Maketory Youtube Channel – Steering Wheel Time Lapse:
MAKETORY MEMBER – JOE CRAVER
ABOUT THE MEMBER
I started my journey in guitar making when I attended the Galloup School of Guitar Building and Repair in Michigan. After graduating I worked as an apprentice for master luthier Tom Ribbecke in Healdsburg, CA where I learned to make handmade archtop guitars and other acoustic instruments. After working as an apprentice for three years it was time to embark on my own as a tradesman and I worked briefly as an instrument repair professional until I discovered Maketory and decided it would be a perfect starting place to start a business. Currently I’m working on an electric guitar called the California, which is inspired by California-made guitars from the 1950s and I’m utilizing the CNC router to develop it so that I can produce them out of any materials that a client may want. Maker’s collectives have played a big role in providing me with a friendly space to work on instruments and get inspired by other craftspeople. Maketory is the most comprehensive and versatile set-up I’ve experienced and having the ability to have my own space is perfect for what I’m doing and plan to do in the future.
CAN YOU TALK ABOUT YOUR WORK AND HOW YOU GOT STARTED?
I started building guitars in 2015. I was living in Florida and wanted to be a tattoo artist, but I never found an apprenticeship. So I started wondering what other things I could do that would involve working with my hands and learning a traditional skill. I ended up finding a school in Michigan for lutherie (the tradition of building stringed instruments) called the Galloup School of Guitar Building and Repair and I attended a six-month course there, which was my introduction to using tools and working with wood. After that, I got an apprenticeship with a master luthier named Tom Ribbecke in Sonoma County and I spent three years working under him, where I learned how to build archtop guitars (an acoustic guitar with an arched top carved from solid wood that is preferred by jazz musicians). These days I make mostly solid-body electric guitars but plan to eventually get back into making acoustic instruments and expanding my instrument repair skills. I’ve also expanded my skills into other areas of woodworking and more recently working with metal. I rent a private space at Maketory and made my first workbench for that space, and I’ve recently got into making parts for vintage cars such as steering wheels, shift knobs and window blinds.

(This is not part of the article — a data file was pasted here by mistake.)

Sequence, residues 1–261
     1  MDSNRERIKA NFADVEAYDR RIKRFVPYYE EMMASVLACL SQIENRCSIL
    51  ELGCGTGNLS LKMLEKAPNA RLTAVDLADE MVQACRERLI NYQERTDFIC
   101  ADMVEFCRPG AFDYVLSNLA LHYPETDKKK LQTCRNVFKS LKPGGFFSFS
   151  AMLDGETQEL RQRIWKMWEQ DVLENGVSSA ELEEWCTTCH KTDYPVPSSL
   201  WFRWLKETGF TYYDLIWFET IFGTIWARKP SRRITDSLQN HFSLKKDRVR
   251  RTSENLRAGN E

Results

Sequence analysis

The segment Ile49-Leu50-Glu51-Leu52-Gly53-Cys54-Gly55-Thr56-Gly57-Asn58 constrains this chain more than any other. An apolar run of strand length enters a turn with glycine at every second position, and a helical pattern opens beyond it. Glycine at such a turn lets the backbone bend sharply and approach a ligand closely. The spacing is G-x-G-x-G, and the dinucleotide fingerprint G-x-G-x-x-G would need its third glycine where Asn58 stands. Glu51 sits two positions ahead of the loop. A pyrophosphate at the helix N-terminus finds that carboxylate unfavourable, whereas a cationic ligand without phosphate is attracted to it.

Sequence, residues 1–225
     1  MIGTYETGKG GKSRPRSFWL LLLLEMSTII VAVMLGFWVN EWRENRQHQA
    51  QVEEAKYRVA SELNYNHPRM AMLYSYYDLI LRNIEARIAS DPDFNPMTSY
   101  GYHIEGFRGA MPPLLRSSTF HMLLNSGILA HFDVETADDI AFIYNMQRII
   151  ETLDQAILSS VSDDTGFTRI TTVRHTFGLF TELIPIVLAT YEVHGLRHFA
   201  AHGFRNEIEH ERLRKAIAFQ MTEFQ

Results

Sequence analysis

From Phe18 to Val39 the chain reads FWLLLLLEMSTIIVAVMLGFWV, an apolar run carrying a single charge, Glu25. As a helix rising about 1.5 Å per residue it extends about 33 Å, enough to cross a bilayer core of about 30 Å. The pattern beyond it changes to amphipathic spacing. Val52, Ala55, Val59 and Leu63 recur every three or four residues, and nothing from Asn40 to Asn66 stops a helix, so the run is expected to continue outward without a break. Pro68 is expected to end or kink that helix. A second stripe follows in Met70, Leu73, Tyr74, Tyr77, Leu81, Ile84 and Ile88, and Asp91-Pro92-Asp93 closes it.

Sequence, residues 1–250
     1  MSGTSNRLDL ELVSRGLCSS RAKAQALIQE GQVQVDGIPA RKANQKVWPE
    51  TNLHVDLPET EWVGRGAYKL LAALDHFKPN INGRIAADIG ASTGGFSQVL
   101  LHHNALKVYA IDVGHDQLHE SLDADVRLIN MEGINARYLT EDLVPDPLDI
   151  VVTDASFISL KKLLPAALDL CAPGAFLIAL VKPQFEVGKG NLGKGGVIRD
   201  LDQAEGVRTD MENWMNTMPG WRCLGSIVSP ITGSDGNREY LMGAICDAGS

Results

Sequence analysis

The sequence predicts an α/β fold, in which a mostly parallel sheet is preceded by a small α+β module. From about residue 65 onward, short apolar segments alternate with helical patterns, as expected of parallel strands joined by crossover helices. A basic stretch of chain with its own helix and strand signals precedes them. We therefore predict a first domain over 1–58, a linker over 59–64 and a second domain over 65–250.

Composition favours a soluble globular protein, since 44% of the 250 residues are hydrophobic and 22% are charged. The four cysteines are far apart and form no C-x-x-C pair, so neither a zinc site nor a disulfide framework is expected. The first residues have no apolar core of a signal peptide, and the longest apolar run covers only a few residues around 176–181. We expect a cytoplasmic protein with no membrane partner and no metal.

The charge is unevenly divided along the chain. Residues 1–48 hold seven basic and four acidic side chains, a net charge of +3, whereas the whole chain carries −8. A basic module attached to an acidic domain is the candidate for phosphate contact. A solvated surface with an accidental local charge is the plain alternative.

WHAT ROLE DOES MAKETORY PLAY IN YOUR WORKFLOW AND HAS IT BENEFITED YOU?
Maketory has been extremely helpful for my workflow because everything I need in order to build guitars in one place – I have my private workspace which I use to set-up and repair guitars as well as store my personal tools and supplies, and within walking distance is a woodshop with all the machinery I need, a metal shop where I can make my own metal parts rather than buying hardware from other sources, a spray booth where I can do my own finishes (something a lot of guitar builders outsource), plenty of assembly areas where I can put together things to large to make in my personal space like jigs, and lots of other Maketory members to get inspiration and advice from. It would be a challenge to make guitars anywhere else because it requires an immense variety of equipment which I could never afford on my own. I would have to cut a lot of corners such as outsourcing my finishing and using pre-made parts. But since I have access to a lot of machinery at Maketory, I’m able to make a guitar that is 100% my own design.
HOW DID YOU GET INVOLVED AT MAKETORY AND DO YOU HAVE ADVICE FOR OTHERS LOOKING TO START?
I got involved at Maketory early on because after a tour of the shop I knew it would be the perfect place to start my own guitar brand and I knew it would give me the ability to learn other skills and machines that I hadn’t previously had experience with. My advice for others would be to get out of your comfort zone, take classes you might think you’re not interested in and learn to use machines that you don’t think you need to use because it can add a new element to what you are making. For instance, I learned to use the waterjet to make a steering wheel and I’m now beginning to understand metallurgy and how different metals can be used in guitar making. And I learned to use the lathe which is a tool I’ve always found intimidating. But now that I know how to use it, when a machine I need to use to make guitars is occupied, I have something to work on and within a few hours have something to sell.